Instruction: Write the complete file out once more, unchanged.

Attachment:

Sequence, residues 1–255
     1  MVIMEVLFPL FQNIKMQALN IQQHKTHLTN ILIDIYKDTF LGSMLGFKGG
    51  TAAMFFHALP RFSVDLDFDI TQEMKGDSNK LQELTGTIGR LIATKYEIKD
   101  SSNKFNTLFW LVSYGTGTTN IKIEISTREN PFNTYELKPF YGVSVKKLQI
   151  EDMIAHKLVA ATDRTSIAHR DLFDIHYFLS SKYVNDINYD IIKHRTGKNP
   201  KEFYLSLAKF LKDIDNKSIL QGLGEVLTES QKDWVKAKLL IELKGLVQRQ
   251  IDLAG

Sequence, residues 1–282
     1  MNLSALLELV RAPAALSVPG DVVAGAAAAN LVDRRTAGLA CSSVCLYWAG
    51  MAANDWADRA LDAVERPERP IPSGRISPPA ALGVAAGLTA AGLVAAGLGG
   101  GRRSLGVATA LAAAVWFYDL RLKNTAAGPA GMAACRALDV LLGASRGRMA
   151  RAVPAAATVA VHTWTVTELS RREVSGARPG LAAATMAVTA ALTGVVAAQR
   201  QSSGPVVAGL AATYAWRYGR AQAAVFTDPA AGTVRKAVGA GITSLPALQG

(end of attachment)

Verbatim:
Sequence, residues 1–255
     1  MVIMEVLFPL FQNIKMQALN IQQHKTHLTN ILIDIYKDTF LGSMLGFKGG
    51  TAAMFFHALP RFSVDLDFDI TQEMKGDSNK LQELTGTIGR LIATKYEIKD
   101  SSNKFNTLFW LVSYGTGTTN IKIEISTREN PFNTYELKPF YGVSVKKLQI
   151  EDMIAHKLVA ATDRTSIAHR DLFDIHYFLS SKYVNDINYD IIKHRTGKNP
   201  KEFYLSLAKF LKDIDNKSIL QGLGEVLTES QKDWVKAKLL IELKGLVQRQ
   251  IDLAG

Sequence, residues 1–282
     1  MNLSALLELV RAPAALSVPG DVVAGAAAAN LVDRRTAGLA CSSVCLYWAG
    51  MAANDWADRA LDAVERPERP IPSGRISPPA ALGVAAGLTA AGLVAAGLGG
   101  GRRSLGVATA LAAAVWFYDL RLKNTAAGPA GMAACRALDV LLGASRGRMA
   151  RAVPAAATVA VHTWTVTELS RREVSGARPG LAAATMAVTA ALTGVVAAQR
   201  QSSGPVVAGL AATYAWRYGR AQAAVFTDPA AGTVRKAVGA GITSLPALQG